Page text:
Gluten-Free Challah

Challah, the sweet braided bread we prepare to celebrate Shabbat on Friday night, is one of the dishes Manuel and I are most known for, and by far one of the most clicked recipes on this website. Perhaps it is because we include challah in almost every cooking class we teach, or maybe simply because challah is so good that people just fall head over heels in love with it at the first bite… who can say for sure? Regardless, challah consistently garners resounding success among both our virtual and “in-person” friends… with one exception, the celiacs! Challah is unfortunately not suitable for people who are gluten-free, so a lot of readers have asked us over the years to help them prepare a gluten-free challah. We tried, and tried, and tried some more… and finally, here is our gluten-free challah.

Gluten-free challah

In our opinion this gluten-free challah is truly delicious: of course, the texture is not exactly like that of regular challah with gluten – you can’t expect a miracle exactly imitating the original – but it’s as close as we could get and we are pretty pleased! To give you a sense of what you’ll pull out of the oven, the texture is a cross between durum wheat semolina bread and panettone, and the taste is sweet and addictive, just like challah. Try it, and let me know how it comes out!

Over the years we have shared many challah recipes: classic challah, whole-wheat challah, sourdough challah, pumpkin challah, honey challah, not to mention the treats we have prepared with this basic bread dough, like cinnamon rolls, and pangoccioli (chocolate chips buns). It was high time to get to work and create a variant of our favorite bread that is also suitable for those who, for health reasons, can no longer eat it in its original version, don’t you think?

Gluten-free challah

The gluten-free challah recipe that I share with you today is a mix of different recipes: I have modified an already excellent, and super-tested, gluten-free challah recipe for Rosh Hashanah published on Lisa Stander-Horel’s blog (author, among other things, of the book “Nosh On This: Gluten-Free Baking from a Jewish-American Kitchen“, which I strongly recommend); Lisa, in turn, was referring to Joan Nathan’s essential Jewish cookbook “Jewish Holiday Cookbook“, from which she derived the basic recipe and the method to prepare the challah.

I must warn you that it will not be easy to find all of the ingredients needed to prepare this bread, as it requires some rather unusual flours (rice and tapioca) and a few other bizarre powders (like xanthan gum), but you can do it if you want to! Once the ingredients have been gathered, the process is very easy.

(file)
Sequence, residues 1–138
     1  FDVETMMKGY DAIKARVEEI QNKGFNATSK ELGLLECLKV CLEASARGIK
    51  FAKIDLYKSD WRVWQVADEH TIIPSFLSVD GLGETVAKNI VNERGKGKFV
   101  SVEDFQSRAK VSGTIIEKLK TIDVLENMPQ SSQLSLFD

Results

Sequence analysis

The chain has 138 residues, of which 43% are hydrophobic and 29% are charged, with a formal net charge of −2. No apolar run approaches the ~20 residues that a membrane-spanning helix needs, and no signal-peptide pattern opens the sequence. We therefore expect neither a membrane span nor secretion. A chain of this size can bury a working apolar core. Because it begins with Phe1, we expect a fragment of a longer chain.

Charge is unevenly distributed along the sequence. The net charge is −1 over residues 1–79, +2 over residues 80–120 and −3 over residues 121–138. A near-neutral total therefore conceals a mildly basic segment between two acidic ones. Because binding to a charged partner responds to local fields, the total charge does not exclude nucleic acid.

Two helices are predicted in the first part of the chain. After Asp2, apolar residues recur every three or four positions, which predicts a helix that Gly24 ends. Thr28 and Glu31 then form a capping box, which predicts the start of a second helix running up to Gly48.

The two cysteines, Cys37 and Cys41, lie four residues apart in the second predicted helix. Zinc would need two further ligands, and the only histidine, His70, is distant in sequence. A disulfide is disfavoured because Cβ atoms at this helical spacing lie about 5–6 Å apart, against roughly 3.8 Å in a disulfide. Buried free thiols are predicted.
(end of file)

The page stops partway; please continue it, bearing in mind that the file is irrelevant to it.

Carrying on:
In case you are wondering what xanthan gum is, I’ll explain right away: it is a natural powdered gum thickening agent able to make gluten-free flour sticky just like gluten flour in normal dough mixes. Dissolved in water it immediately becomes viscous and sticky, somewhat like the white of the egg, which has the same “agglutinating” effect, being rich in proteins.
Do not even think about making this bread without xanthan, it will be a complete failure. Particularly if you have Celiac disease, invest in this small purchase. You will need xanthan to prepare many other leavened products, and a package will last for a long time.

Gluten-free challah

On top of shopping for unusual ingredients, I would recommend you also shop for a silicone challah mold, such as the one I used. This gluten-free dough, due to the lack of gluten, can’t really hold a shape well, let alone be braided, so a mold is your best bet for a good-looking result.  A regular bread/loaf pan will do, but for a challah shape, you need a challah mold.

Another small clarification, this time on a Jewish topic, before moving on to the recipe. If it doesn’t interest you, you can skip it. Technically challah can be defined as such if it is made of wheat, barley, rye, oats, or spelt flour, for at least 51% of its weight. For those strictly practicing the faith, this rice challah is not suitable to be blessed when doing hafrashat challah and hamotzi. If you have this issue, I suggest that you replace part of the rice flour with oat flour, keeping in mind that this may be contaminated by gluten, so you should carefully check that it is gluten-free before using it.